variable, which is overridden by the options above.

     If the backup file is a symbolic or hard link to the  original file, patch
     creates  a new backup file name by changing the first lowercase letter in
     the last component of the file's name  into  uppercase.   If
there are no
     more  lowercase  letters  in  the name, it removes the first
character from
     the name.  It repeats this process until it comes up with  a
backup file
     that does not already exist or is not linked to the original

     You may also specify where you want the output  to  go  with
the -o option;
     if that file already exists, it is backed up first.

   Notes For Patch Senders    [Toc]    [Back]
     There  are several things you should bear in mind if you are
going to be
     sending out patches:

     First, you can save people a  lot  of  grief  by  keeping  a
patchlevel.h file
     which  is  patched to increment the patch level as the first
diff in the
     patch file you send out.  If you put  a  "Prereq:"  line  in
with the patch,
     it  won't  let  them apply patches out of order without some

     Second, make sure you've specified the file names right, either in a context
  diff  header,  or  with  an "Index:" line.  If you are
patching something
 in a subdirectory, be sure to tell the patch  user  to
specify a -p
     option as needed.

     Third, you can create a file by sending out a diff that compares a null
     file to the file you want to create.  This will only work if
the file you
     want  to create doesn't exist already in the target directory.

     Fourth, take care not to send out reversed patches, since it
makes people
     wonder whether they already applied the patch.

     Fifth,  while  you  may be able to get away with putting 582
diff listings
     into one file, it is probably wiser to group related patches
into separate
 files in case something goes haywire.

ENVIRONMENT    [Toc]    [Back]

     POSIXLY_CORRECT         When  set,  patch  behaves as if the
--posix option
                            has been specified.
     SIMPLE_BACKUP_SUFFIX   Extension  to  use  for  backup  file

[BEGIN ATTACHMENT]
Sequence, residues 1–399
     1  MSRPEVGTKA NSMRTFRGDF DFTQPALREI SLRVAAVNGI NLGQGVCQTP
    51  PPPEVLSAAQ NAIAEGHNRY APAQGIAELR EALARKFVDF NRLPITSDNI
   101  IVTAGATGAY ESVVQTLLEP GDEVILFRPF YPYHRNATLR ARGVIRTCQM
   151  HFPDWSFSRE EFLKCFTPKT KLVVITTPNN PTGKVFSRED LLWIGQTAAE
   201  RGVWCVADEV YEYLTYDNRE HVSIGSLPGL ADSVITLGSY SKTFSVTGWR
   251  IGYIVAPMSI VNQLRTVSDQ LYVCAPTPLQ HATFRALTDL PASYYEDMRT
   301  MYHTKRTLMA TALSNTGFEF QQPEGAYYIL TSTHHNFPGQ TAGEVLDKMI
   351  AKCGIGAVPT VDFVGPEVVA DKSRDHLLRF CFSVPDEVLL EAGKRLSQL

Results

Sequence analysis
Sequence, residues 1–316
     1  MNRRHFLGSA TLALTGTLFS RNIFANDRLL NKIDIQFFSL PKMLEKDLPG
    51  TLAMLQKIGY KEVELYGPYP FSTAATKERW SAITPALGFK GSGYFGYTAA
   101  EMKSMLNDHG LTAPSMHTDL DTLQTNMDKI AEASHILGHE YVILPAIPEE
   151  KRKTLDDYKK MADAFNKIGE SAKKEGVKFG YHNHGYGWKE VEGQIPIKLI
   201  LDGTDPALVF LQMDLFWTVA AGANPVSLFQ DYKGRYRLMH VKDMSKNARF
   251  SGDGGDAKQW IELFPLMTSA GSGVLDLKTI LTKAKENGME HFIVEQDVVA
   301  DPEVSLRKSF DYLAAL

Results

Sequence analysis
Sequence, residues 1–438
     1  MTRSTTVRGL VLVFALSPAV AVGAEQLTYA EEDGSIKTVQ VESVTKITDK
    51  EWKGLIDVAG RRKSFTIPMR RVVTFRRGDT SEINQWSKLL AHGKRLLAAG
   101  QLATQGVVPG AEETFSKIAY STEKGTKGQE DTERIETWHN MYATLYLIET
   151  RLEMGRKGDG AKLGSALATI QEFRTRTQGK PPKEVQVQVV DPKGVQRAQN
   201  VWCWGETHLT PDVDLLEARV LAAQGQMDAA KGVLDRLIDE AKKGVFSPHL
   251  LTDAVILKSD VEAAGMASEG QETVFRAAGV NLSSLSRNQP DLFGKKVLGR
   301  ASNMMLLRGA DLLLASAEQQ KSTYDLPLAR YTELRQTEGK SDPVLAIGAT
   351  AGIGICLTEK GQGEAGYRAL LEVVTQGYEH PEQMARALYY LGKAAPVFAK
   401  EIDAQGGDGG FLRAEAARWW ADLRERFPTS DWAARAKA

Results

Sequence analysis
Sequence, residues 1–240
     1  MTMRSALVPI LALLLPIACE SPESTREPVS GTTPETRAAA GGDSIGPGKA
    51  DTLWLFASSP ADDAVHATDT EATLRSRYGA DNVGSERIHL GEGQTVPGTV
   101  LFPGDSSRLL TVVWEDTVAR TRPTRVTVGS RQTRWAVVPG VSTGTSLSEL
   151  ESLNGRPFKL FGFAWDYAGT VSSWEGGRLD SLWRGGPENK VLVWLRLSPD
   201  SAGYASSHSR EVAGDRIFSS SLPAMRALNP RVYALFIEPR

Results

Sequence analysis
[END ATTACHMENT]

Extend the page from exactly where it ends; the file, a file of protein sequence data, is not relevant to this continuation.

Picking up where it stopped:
names instead of
     TMPDIR                  Directory to put temporary files in;
default is
     PATCH_VERSION_CONTROL  Selects when  numbered  backup  files
are made.

FILES    [Toc]    [Back]

     $TMPDIR/patch*  patch temporary files
     /dev/tty         used  to  read input when patch prompts the

DIAGNOSTICS    [Toc]    [Back]

     Too many to list here, but generally indicative  that  patch
couldn't parse
     your patch file.

     The  message  "Hmm..."  indicates  that there is unprocessed
text in the
     patch file and that patch is attempting  to  intuit  whether
there is a
     patch in that text and, if so, what kind of patch it is.

     The patch utility exits with one of the following values:

           0       Successful completion.
           1        One  or  more  lines were written to a reject
           >1      An error occurred.

     When applying a set of patches in a loop it behooves you  to
check this
     exit  status so you don't apply a later patch to a partially
patched file.

SEE ALSO    [Toc]    [Back]


AUTHORS    [Toc]    [Back]

     Larry Wall with many other contributors.

CAVEATS    [Toc]    [Back]

     patch cannot tell if the line  numbers  are  off  in  an  ed
script, and can
     only  detect bad line numbers in a normal diff when it finds
a "change" or
     a "delete" command.  A context diff using fuzz factor 3  may
have the same
     problem.   Until  a suitable interactive interface is added,
you should
     probably do a context diff in these  cases  to  see  if  the
changes made
     sense.  Of course, compiling without errors is a pretty good
     that the patch worked, but not always.

     patch usually produces the correct results, even when it has
to do a lot
     of guessing.  However, the results are guaranteed to be correct only when
     the patch is applied to exactly the same version of the file
that the
     patch was generated from.

BUGS    [Toc]    [Back]

     Could  be smarter about partial matches, excessively deviant
offsets and
     swapped code, but that would take an extra pass.

     Check patch mode (-C) will fail if you try to check  several
patches in
     succession  that build on each other.  The entire patch code
would have to
     be restructured to keep temporary files around  so  that  it
can handle this

     If  code  has been duplicated (for instance with #ifdef OLDCODE ... #else
     ...  #endif), patch is incapable of patching both  versions,
and, if it
     works  at all, will likely patch the wrong one, and tell you
that it succeeded
 to boot.

     If you apply a patch  you've  already  applied,  patch  will
think it is a reversed
  patch,  and offer to un-apply the patch.  This could
be construed
     as a feature.

OpenBSD     3.6                           July      23,      2003
[ Back ]